Apart from this, the first syllable of an utterance is normally low, with a rise onto the second.
    So you only in fact get high-low initially if the first word has the "accent" on its first syllable.
    Sumimasen has the accent on the -se-, so goes LHHHH.

  13. Akito said,

    December 19, 2013 @ 10:40 am

    No, it should go LHHHL. The word has 5 moras: su-mi-ma-se-n.

  14. Jessup said,

    December 19, 2013 @ 10:50 am

    Thanks for the etymology on this useful word.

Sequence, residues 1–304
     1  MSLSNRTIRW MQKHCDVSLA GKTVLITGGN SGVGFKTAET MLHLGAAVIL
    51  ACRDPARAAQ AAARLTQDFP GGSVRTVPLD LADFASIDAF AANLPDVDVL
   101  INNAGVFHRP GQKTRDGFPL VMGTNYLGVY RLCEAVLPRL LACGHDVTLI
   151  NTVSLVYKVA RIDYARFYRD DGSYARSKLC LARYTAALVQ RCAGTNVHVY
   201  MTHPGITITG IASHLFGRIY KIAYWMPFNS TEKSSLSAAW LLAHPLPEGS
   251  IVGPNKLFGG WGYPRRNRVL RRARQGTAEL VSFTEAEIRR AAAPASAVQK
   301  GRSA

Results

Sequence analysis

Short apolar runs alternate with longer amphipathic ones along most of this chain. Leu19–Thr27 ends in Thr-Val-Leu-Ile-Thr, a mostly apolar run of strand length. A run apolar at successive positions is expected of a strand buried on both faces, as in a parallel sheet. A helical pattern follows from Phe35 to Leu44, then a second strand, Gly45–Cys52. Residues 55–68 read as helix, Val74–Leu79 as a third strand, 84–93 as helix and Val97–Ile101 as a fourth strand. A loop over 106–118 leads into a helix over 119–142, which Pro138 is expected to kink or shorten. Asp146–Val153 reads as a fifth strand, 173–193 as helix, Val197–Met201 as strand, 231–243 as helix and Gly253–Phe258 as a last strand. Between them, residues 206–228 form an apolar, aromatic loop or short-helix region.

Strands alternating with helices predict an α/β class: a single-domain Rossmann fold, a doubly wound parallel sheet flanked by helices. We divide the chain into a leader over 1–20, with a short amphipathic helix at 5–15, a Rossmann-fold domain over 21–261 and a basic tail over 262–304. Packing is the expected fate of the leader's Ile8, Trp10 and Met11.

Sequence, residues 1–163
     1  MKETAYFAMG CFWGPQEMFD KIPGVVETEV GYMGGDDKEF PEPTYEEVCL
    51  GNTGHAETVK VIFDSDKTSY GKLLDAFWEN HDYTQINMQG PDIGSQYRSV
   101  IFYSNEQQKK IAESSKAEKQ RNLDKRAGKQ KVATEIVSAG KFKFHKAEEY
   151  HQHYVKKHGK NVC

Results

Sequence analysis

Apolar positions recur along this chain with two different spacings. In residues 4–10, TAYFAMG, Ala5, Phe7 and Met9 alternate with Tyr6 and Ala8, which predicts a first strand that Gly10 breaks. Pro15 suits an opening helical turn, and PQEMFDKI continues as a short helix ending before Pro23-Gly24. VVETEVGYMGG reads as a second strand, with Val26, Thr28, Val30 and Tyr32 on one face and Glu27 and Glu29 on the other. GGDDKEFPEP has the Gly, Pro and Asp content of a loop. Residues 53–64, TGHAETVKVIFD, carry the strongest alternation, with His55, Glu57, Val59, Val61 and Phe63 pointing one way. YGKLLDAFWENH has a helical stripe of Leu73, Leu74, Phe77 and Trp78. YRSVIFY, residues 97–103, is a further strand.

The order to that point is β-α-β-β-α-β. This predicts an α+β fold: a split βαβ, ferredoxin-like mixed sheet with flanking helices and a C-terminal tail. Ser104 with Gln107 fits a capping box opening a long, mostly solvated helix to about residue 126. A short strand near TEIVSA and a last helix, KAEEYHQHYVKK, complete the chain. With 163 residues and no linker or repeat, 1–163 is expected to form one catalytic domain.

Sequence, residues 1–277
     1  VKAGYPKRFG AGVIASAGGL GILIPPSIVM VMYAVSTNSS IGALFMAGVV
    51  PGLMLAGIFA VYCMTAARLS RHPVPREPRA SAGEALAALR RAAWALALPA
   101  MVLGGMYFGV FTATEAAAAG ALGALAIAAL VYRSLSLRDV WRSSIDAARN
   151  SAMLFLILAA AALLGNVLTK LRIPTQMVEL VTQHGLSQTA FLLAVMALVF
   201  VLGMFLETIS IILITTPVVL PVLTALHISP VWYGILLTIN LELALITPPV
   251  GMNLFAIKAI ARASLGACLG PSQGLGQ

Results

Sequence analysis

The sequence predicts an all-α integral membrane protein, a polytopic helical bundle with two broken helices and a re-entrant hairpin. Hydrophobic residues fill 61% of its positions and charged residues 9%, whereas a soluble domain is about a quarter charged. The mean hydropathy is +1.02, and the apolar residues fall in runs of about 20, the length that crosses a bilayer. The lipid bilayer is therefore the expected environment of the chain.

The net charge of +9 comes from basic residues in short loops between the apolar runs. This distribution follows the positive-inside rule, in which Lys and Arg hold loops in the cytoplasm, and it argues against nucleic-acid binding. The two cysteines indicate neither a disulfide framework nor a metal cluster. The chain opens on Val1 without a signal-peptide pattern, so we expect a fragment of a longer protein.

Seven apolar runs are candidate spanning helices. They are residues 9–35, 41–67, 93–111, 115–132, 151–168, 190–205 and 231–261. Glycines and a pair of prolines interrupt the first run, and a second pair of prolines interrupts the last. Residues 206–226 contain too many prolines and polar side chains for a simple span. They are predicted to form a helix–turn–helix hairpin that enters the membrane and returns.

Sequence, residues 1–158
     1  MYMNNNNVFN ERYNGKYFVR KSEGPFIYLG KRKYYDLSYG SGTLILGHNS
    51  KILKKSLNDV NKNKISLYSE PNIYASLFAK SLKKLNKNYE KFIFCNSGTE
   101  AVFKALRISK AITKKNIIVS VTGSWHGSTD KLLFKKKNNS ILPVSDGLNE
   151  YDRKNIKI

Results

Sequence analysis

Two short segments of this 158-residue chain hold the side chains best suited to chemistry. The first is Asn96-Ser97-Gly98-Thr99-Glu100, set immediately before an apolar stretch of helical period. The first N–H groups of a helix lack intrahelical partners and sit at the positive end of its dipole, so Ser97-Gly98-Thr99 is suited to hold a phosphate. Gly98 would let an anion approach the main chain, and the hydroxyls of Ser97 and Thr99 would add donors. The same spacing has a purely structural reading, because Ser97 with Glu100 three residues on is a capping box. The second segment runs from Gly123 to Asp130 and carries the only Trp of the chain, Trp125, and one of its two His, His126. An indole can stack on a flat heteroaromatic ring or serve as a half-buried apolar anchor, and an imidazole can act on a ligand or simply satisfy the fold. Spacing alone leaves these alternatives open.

In Osaka, "sumimasen" or "suimasen" is fine, but it's often "summasen," and the full-on Osaka dialect version is "summahen."

  15. Nat said,

    December 19, 2013 @ 10:52 am

    I do hear "sumanai" / "sumannai" / "suman" every now and then. It's basically the gruff old man version of "sorry not sorry".

  16. David Eddyshaw said,

    December 19, 2013 @ 11:26 am


    Quite right. Careless mistake on my part. 済みません…

  17. David Eddyshaw said,

    December 19, 2013 @ 11:53 am


    "Sumanai" is just the plain form equivalent of "sumimasen", used when you wouldn't be using the polite -masu forms, as with close friends. "Suman" is a variant of the same.

    "Sumannai": I think you may actually be hearing "tsumannai", a contracted very informal variant of "tsumaranai" "boring!"